Congestion Risks and Delays at North American Ports

Industry leaders are warning that pressures on the North American container shipping system are rising, risking even greater congestion in the beginning of 2021. In November, East Coast ports were challenged with handling a 30 percent year-over-year increase in imports from Asia, but have so far been able to avoid the gridlock that is gripping the ports of Los Angeles and Long Beach.

We are now seeing bottlenecks beginning to form outside Southeast ports, which until now have maintained fluidity. Sign of delays are noticeable with cargo stacking up at nearby warehouses, truck capacity tightening, and chassis dwells lengthening, Uffe Ostergaard, Hapag-Lloyd’s president, Americas, told in a Tuesday interview. “Average turn times and berth productivity at major US ports are under pressure, reflecting increased strain on the container shipping system,” said Ostergaard.

“It’s a different narrative here,” Sam Ruda, director of the Port Authority of New York and New Jersey, told Tuesday, although there is tightness throughout the New York-New Jersey supply chain, including mounting container dwell times at marine terminals and chassis dwell times at warehouses.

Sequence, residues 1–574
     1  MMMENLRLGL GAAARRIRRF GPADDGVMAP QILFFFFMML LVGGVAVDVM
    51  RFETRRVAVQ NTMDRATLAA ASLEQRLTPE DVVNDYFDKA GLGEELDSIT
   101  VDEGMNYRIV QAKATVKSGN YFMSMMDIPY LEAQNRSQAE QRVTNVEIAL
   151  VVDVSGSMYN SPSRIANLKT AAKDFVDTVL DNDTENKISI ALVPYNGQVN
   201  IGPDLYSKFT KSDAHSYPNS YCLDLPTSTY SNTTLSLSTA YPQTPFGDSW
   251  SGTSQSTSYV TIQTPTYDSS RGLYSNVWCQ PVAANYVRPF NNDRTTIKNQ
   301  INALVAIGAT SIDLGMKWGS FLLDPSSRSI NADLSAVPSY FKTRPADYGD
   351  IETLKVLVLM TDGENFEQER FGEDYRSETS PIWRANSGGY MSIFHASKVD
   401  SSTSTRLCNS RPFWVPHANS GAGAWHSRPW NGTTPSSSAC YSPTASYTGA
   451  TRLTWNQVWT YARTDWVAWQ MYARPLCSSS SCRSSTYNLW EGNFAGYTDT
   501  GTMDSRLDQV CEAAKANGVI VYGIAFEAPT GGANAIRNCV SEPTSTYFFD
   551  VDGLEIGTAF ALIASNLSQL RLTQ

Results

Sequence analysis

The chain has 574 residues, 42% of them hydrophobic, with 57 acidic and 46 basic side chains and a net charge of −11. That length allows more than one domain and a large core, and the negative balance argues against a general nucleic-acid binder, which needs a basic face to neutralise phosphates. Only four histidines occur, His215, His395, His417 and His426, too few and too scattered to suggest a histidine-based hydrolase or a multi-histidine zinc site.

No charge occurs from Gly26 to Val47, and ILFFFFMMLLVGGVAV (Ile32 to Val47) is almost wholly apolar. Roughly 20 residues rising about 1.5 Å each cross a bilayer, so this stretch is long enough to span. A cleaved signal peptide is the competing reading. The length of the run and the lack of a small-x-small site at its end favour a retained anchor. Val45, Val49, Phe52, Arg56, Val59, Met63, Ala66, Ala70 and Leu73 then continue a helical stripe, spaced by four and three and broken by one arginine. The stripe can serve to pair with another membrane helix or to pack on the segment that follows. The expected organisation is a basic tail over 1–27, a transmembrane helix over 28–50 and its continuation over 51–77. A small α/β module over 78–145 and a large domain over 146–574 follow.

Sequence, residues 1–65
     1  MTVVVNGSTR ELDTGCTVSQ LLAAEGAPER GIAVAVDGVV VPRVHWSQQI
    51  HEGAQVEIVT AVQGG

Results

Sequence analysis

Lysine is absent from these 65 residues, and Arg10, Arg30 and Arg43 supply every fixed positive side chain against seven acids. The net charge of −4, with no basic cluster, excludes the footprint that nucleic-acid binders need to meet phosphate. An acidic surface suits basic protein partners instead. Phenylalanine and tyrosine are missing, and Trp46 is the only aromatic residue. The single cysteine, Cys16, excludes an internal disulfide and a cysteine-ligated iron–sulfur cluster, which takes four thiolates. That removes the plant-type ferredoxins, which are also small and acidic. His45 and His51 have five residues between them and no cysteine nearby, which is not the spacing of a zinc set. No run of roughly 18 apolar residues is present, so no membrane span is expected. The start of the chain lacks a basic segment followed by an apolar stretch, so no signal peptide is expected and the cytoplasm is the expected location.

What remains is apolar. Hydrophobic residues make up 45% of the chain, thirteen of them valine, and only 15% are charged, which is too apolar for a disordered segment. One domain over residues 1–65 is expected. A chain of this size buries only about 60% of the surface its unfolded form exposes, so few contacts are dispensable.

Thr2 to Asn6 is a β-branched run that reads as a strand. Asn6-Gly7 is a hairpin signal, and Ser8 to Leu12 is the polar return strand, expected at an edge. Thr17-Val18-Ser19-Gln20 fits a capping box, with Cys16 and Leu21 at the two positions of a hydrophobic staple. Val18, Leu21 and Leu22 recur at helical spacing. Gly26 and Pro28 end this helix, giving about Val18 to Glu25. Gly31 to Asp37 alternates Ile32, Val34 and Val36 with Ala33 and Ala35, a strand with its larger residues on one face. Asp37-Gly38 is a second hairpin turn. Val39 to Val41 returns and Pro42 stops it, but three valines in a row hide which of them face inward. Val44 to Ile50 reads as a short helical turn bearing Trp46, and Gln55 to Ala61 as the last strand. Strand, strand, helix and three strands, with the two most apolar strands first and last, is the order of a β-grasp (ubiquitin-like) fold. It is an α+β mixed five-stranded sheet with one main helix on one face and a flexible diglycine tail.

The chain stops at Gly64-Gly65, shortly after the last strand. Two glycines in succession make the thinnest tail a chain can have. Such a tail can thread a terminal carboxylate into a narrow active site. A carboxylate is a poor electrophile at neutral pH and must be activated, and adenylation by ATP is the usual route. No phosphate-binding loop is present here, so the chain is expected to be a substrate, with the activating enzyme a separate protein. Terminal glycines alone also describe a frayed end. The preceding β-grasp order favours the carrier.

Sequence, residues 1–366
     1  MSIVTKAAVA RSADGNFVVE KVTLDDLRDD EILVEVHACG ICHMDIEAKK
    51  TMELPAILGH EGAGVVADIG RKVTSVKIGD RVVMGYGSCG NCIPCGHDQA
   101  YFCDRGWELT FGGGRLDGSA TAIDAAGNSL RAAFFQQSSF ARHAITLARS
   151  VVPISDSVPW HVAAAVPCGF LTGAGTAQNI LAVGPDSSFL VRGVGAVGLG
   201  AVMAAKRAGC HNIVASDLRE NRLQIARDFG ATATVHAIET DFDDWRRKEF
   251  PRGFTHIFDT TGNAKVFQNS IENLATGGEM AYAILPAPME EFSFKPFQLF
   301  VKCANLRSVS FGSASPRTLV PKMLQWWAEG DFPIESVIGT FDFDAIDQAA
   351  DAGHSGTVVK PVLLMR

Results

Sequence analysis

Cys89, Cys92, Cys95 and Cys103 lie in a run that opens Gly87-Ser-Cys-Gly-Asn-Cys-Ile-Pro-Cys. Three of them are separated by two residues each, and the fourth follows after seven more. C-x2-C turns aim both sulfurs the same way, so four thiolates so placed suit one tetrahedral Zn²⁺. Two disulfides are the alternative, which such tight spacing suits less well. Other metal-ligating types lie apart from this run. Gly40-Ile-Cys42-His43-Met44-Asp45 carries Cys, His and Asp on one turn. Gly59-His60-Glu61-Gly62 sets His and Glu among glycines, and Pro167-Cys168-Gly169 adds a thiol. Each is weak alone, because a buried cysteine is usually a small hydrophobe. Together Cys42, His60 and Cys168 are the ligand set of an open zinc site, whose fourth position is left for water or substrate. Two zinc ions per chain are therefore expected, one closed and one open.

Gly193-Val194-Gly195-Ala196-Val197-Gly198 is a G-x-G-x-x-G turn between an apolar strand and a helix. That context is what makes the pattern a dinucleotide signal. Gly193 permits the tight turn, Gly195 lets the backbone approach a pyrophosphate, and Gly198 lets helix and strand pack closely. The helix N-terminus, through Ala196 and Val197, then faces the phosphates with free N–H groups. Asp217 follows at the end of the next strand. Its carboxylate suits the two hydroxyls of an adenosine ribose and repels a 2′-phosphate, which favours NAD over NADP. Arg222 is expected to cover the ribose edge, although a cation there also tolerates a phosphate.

“The gateway remains pretty fluid,” Ruda said. However, three non-vessel-operating common carriers (NVOs) said early warning signs surfacing at major East Coast gateways are similar to what they saw in Southern California this summer. The Federal Maritime Commission last month launched a fact-finding mission.

Indeed, New York-New Jersey is experiencing higher equipment dwell times during the import surge, said Bethann Rooney, deputy director of the port department. Average container dwell times at the six container terminals in New York-New Jersey are five to seven days compared with three to four days normally, while average chassis dwell times at warehouses are up to 15 days from three to four days earlier this year, she said.

East Coast ports hope to avoid the congestion that Los Angeles-Long Beach has experienced from an unprecedented spike in imports since late June. Vessel bunching, delays of several days in vessel berthing, congested marine terminals, long truck lines at terminal gates, chassis shortages owing to excessive street dwell times, and import warehouses filled beyond capacity have plagued the Southern California gateway since summer.

The situation remains very fluid. We are advising clients to do the following:

  • At a minimum add two weeks to your typical transit times.
  • Plan for congestion fees from the truckers as they spend hours in the port retrieving containers.
  • Know whether your imports are affected and decide what you’re going to do about it.

If you have a question about whether your products are affected by these delays, WB Skinner may be able to help. We can tell you what impact the delays might have on your shipments, and might be able to suggest a few options to help you to avoid delays.